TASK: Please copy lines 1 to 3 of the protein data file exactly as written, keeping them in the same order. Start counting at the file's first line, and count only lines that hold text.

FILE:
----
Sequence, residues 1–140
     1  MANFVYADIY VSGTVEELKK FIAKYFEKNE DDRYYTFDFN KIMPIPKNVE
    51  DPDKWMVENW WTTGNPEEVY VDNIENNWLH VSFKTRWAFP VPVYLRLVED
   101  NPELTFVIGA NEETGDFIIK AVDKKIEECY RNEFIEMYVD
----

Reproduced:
Sequence, residues 1–140
     1  MANFVYADIY VSGTVEELKK FIAKYFEKNE DDRYYTFDFN KIMPIPKNVE
    51  DPDKWMVENW WTTGNPEEVY VDNIENNWLH VSFKTRWAFP VPVYLRLVED